Road Ecological Workgroup
Wildlife-vehicle collision research program
On Hungarian highways the total number of animal kills rose significantly through 2007 with the increase in kilometres of road, traffic volume and the density of big game. 5% of highway accidents are caused by Wildlife-vehicle collisions (WVCs) and 1-2 accidents lead to the death of the driver. WVCs peaked at 1418 individuals/year in 2007. After 2007 there a slow decline started despite the increase in the total length of roads.
Despite of all efforts, unfortunately many of wild and domestic animals pass through the fences lining the highways. They climb over, jump over, dig out the bottom or simply bypass and get into the protected area where the fence ends. Where the fence ends, our work begins. Our work group was founded to help solving this very considerable problem, the wildlife–vehicle collision. Our goal is to design, install and test a multi-component system, which can actually reduce the number of WVCs.
Members of the workgroup:
Eötvös Loránd University, Department of Systematic Zoology and Ecology
Univ. of West Hungary, Inst. of Wildlife Management and Vertebrate Zoology
Bükk Mammalogical Society
Our research currently goes on three main scopes:
1) Complex study of wildlife vehicle collisions (WVCs) on highways.
2) Spatio-temporal investigation of WVCs on railways.
3) Testing and innovating mitigation methods
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List of the tested devices and methods:
1) in general, most WVCs occur at highway intersections, or in interchanges; 2) red fox casualties also occurred at interchanges as well as at wildlife passages; 3) wild boar fatalities were not frequent at interchanges, but were recorded near railways and forests that parallel highways; 4) otter-vehicle collision hot spots were found near their habitats and migration corridors such as lakes and streams, but many otter kills were recorded near passages similar to fox kills and 5) for otter and wild boar we were able to examine the role of local population density; most WVCs happened in areas of high population density.
Most accidents at interchanges occur for one of two reasons: 1) the animal runs outside the fence and enters through the fence at the ramp of an interchange; 2) it enters at a defect in a fence, runs along the inner side of the fence and becomes funnelled onto the ROW. Interruption in the continuity and its linearity are important factors in both cases.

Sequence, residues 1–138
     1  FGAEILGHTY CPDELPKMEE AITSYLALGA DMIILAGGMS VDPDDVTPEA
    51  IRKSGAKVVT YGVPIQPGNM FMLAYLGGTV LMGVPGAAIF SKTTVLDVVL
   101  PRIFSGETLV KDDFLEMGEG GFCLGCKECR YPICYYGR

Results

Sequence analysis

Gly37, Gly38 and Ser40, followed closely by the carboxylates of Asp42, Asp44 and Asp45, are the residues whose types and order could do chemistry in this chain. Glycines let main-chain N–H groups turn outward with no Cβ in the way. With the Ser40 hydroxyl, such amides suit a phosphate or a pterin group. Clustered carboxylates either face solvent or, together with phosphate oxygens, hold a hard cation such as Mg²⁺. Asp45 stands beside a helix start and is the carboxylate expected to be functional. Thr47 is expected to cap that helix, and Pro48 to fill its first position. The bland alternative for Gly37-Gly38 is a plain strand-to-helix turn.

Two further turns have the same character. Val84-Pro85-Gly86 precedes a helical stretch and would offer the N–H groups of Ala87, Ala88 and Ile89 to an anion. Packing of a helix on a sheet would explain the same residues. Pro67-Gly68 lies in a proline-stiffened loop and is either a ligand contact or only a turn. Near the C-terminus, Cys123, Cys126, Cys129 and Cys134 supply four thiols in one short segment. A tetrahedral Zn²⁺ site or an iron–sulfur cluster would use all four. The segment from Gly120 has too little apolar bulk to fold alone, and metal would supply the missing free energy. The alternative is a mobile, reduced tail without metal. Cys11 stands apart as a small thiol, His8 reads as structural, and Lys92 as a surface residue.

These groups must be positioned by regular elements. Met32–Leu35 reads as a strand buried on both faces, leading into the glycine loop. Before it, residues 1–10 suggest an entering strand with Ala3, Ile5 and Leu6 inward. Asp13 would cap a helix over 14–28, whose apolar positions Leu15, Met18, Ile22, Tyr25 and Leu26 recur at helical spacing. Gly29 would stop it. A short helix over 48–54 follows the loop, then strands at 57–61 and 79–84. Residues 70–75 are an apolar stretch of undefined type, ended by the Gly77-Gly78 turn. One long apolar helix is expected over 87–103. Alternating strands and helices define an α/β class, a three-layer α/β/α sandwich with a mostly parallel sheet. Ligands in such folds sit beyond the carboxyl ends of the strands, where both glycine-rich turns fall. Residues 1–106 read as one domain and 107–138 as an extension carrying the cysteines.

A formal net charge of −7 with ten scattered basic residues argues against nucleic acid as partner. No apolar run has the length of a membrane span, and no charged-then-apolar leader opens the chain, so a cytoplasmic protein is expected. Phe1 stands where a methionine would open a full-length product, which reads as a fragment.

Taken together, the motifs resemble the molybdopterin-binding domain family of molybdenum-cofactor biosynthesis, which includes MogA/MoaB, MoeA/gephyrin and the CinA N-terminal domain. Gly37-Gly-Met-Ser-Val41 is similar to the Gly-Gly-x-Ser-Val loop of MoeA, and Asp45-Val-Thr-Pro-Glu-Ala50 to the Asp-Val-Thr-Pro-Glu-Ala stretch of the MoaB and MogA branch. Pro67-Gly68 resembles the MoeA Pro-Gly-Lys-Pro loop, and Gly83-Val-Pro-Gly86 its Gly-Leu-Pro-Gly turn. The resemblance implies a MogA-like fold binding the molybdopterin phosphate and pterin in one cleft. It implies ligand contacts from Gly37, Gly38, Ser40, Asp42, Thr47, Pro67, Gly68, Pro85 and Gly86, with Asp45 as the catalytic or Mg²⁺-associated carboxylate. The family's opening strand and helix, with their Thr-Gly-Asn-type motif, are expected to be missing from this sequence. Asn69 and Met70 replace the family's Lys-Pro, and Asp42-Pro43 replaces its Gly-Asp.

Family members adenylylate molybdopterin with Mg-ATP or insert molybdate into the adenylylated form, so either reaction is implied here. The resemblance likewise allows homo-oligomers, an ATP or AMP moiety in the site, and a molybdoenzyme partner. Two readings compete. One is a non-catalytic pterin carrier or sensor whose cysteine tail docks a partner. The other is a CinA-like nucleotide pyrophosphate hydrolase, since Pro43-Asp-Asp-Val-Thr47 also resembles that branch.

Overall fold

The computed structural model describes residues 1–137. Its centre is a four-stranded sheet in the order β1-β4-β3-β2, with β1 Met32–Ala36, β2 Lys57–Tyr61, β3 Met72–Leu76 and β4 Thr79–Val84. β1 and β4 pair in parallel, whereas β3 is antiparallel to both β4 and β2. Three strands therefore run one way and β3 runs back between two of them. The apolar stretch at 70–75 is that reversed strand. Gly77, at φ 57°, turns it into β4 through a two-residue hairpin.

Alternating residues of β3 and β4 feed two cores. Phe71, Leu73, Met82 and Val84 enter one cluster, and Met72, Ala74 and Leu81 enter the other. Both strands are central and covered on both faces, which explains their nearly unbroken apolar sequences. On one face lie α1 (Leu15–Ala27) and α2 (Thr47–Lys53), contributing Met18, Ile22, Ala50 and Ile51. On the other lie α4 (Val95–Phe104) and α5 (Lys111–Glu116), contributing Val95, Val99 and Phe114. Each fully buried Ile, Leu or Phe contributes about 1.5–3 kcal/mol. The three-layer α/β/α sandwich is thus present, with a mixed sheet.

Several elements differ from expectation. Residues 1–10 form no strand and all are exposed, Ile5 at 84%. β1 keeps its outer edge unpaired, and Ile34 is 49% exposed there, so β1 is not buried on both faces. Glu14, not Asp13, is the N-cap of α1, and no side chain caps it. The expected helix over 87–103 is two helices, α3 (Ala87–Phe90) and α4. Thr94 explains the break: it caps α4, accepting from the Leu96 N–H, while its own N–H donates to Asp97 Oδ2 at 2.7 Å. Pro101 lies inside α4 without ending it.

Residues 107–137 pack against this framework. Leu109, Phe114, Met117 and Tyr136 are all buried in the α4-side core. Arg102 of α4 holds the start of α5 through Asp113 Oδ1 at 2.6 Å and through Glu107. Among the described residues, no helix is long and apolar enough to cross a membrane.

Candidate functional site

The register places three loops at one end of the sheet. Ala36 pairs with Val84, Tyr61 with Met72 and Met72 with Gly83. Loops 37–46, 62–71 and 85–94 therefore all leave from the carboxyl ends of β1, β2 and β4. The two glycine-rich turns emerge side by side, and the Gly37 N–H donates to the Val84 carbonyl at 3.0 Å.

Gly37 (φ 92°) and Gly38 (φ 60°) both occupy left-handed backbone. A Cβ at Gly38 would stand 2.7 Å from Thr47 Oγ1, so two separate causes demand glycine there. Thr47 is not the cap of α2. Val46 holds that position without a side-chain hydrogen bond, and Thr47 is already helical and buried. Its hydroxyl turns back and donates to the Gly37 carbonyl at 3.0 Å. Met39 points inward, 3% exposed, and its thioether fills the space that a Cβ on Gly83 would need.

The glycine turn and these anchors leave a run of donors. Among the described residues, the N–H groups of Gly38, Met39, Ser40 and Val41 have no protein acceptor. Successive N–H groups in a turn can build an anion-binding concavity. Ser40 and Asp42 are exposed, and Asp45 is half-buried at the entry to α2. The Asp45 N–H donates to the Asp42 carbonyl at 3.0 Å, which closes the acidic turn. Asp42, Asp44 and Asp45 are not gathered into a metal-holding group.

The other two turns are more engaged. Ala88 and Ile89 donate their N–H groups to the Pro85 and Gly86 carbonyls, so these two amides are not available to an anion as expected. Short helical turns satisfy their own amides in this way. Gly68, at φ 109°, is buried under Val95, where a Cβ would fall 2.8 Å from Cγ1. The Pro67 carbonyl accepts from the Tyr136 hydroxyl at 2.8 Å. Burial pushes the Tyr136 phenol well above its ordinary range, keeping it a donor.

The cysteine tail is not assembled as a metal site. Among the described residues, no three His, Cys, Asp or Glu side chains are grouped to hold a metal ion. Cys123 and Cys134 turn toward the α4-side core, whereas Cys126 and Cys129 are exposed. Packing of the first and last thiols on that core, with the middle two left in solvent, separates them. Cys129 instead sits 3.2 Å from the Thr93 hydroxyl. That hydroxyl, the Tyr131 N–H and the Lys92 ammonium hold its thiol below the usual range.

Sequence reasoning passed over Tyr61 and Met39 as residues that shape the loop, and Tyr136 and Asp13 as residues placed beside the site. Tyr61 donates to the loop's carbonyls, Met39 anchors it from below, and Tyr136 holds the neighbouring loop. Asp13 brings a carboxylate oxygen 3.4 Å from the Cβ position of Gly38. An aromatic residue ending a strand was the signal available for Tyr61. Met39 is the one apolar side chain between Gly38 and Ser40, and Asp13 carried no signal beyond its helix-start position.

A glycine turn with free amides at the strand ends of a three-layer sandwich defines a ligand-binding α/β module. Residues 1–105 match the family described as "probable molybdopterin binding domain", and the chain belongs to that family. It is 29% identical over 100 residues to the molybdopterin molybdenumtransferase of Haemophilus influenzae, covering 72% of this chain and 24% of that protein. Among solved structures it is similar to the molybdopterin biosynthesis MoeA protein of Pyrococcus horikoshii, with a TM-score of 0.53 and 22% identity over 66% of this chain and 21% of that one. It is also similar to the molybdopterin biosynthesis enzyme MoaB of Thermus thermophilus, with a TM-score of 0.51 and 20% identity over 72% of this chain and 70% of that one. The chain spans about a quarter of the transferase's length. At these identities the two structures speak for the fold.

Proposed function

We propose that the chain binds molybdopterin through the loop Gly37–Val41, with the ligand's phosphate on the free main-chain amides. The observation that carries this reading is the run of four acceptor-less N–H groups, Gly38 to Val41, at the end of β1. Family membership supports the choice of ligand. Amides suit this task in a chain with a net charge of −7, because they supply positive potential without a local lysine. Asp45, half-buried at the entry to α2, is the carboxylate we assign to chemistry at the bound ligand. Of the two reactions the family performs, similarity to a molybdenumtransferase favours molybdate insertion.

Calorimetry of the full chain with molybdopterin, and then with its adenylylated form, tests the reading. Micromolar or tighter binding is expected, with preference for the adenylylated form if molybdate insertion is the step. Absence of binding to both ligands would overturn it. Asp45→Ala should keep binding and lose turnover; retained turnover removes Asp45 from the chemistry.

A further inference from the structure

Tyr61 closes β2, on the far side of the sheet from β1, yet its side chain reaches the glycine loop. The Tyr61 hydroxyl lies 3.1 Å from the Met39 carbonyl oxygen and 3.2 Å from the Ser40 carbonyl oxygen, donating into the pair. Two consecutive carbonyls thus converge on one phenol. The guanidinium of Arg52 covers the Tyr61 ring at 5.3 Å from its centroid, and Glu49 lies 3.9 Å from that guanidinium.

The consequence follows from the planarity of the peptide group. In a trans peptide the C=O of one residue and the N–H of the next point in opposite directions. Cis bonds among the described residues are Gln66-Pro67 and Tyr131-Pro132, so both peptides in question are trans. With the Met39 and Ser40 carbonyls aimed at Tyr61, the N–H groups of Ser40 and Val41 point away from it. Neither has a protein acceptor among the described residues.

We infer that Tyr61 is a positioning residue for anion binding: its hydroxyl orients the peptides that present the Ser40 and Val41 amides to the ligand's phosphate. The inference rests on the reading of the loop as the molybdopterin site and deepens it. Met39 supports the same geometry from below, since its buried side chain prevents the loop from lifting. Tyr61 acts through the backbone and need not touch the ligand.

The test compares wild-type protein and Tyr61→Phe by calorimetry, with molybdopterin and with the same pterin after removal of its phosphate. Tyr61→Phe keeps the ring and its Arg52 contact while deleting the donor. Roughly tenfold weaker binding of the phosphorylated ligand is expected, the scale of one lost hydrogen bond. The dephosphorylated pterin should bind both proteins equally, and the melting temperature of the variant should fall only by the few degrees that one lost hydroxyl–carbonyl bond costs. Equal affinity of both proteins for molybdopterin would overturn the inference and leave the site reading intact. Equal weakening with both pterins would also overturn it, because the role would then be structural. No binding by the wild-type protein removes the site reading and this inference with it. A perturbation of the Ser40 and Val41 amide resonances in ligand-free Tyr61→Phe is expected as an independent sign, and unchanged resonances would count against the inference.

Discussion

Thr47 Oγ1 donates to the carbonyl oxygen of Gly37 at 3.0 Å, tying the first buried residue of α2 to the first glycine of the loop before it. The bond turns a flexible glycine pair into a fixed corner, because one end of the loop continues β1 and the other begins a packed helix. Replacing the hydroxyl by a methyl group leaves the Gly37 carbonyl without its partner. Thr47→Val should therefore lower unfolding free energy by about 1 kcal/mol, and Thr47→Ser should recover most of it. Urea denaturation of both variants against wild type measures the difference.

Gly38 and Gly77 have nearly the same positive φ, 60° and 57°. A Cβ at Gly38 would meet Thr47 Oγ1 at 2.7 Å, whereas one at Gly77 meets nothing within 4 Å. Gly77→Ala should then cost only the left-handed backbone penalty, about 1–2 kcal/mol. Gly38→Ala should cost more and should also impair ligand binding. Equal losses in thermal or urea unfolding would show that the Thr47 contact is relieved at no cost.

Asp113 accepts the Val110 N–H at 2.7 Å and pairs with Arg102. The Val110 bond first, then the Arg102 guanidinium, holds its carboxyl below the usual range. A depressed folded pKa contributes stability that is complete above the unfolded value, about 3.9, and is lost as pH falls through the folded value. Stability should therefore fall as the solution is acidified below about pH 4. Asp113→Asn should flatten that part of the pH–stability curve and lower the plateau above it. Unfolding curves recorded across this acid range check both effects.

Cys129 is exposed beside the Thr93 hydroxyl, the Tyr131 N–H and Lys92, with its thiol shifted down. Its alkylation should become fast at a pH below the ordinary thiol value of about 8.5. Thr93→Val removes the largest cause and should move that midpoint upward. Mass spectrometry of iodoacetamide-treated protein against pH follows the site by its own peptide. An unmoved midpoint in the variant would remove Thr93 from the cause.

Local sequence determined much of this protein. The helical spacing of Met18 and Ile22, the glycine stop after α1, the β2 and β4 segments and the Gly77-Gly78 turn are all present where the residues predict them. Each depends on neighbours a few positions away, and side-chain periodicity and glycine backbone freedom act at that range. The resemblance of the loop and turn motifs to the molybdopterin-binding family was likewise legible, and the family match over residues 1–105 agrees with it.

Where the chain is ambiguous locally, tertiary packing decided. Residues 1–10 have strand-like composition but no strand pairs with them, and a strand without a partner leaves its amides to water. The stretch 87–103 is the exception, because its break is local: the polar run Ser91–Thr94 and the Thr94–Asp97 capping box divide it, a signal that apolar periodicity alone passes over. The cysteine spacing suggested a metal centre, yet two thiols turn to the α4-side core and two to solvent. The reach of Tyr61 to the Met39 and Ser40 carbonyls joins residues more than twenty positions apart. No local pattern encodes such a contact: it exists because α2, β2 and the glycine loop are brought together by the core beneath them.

The WVC-dataset is displayed on Google Maps.
The number of WVCs could be reduced significantly if the entry of animals at interchanges could be prevented. Because fences can not be constructed across ramp- and access roads, another solution must be sought. WVCs that occur at interchanges can be divided into two groups in regard to their relation to the interchange: 1) WVCs that occur when animals pass directly into the interchange and are killed on the spot and 2) pass into other locations such as gaps and drainage tunnels but are killed at interchanges. To prevent these two types of WVCs, different methods must be applied.
For case of type 1 WVCs, acoustic game repellents, already approved for agricultural projects may be a solution. During our study we tested many kinds of game repellents but only one was found effective. At an interchange located in a sparsely populated area, a high-volume, acoustic game repellent, operating with a motion detector, and attached to the end of a fence appeared to solve the problem.
Please watch our video on a field test:
To reduce the type 2 WVCs the installation of escape ramps and one-way gates may prove helpful. These structures are used in North-America to allow animals trapped within the fencing to return to their habitat.
One-way gate with a roe deer near the highway M1
Optical reflectors are often installed for mitigative purposes but most studies show that these devices did not significantly reduce the number of WVCs. Several studies investigated the response of ungulates; however, they did not report any behavioral changes on the part of animals that might reduce the number of WVCs.
Swareflex acoustic and optical reflector on highway M1